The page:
“It’s the state systematically putting the Cook Inlet commercial fisheries out of business,” he said.
A spokesman for Dunleavy said the administration couldn’t comment on the situation while the lawsuit is pending.
Agreeing to close off a large portion of the drift fleet’s fishing grounds is the latest, and likely the most dramatic, step taken by state regulators under Dunleavy to squeeze commercial fishing in the Inlet, Martin said, whether it’s the drifters or east side setnetters. Both groups primarily target sockeye bound for the Kenai and Kasilof rivers.
The Kenai River Sportfishing Association was the only group to support the original proposal to shut down commercial fishing in the EEZ when it was before the council.
KRSA founder Bob Penney donated more than $350,000 to a political group that supported Dunleavy’s 2018 campaign for governor. Penney’s grandson, Clark Penney, was also issued a since canceled no-bid contract to work on projects for the state’s development bank in the months after Dunleavy took office.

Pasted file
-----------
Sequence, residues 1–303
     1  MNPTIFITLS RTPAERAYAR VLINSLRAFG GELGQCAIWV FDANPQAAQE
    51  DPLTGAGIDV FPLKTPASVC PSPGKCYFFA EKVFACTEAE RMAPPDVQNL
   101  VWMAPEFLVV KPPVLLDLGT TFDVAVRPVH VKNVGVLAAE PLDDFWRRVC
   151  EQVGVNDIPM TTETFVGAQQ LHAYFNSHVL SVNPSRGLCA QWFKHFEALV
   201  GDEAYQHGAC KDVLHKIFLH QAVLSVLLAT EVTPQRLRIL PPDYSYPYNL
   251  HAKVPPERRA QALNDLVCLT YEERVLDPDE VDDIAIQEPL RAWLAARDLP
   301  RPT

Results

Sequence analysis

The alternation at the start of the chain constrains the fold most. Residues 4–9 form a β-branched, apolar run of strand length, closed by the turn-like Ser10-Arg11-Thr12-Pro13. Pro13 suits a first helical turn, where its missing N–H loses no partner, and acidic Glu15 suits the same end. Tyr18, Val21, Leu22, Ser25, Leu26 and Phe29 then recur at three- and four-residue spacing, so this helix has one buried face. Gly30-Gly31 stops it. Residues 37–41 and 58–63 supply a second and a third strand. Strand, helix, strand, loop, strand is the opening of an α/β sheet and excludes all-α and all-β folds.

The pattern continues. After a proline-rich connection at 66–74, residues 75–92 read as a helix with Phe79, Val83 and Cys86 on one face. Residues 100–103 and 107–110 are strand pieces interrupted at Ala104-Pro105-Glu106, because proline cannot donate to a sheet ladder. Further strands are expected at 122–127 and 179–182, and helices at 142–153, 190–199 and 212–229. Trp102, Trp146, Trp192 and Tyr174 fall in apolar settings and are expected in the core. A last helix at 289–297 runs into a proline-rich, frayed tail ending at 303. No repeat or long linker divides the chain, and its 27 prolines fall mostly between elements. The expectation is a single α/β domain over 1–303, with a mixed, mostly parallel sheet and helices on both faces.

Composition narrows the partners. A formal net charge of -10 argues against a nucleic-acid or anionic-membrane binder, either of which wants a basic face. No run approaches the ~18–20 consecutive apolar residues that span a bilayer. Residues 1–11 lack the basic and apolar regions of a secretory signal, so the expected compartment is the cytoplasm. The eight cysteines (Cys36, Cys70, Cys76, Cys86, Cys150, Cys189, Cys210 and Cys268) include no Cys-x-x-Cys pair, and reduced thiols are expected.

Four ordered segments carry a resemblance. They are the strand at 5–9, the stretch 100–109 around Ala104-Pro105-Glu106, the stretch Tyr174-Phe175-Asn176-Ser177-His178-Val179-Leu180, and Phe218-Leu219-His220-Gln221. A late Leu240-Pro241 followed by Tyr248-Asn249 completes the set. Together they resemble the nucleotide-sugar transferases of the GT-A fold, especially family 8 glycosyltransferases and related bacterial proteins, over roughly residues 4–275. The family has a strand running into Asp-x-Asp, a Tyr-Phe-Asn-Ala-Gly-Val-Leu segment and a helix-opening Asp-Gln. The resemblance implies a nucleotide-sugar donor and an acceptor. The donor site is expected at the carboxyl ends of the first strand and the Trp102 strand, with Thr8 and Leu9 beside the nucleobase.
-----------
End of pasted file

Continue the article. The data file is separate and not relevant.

The Board of Fisheries also took several steps at its 2020 Upper Cook Inlet meeting to increase in-river objectives for salmon runs on the Inlet’s major river systems and limit the likelihood for commercial fishermen to catch king and coho salmon, citing the need to conserve some stocks and the desire to increase sport fishing opportunities for others.
The drift fleet was down to about 250 permits last year, down from a historic peak of nearly 570 participants, according to Martin.
Fish and Game Deputy Commissioner Rachel Baker, the state’s representative on the council, acknowledged the situation has put the state in somewhat of an odd position but insisted department officials were faced with two bad options. The challenges of Cook Inlet salmon management were further exemplified by the fact that it took the council nearly six years — right up to its deadline — to reach a decision, she said.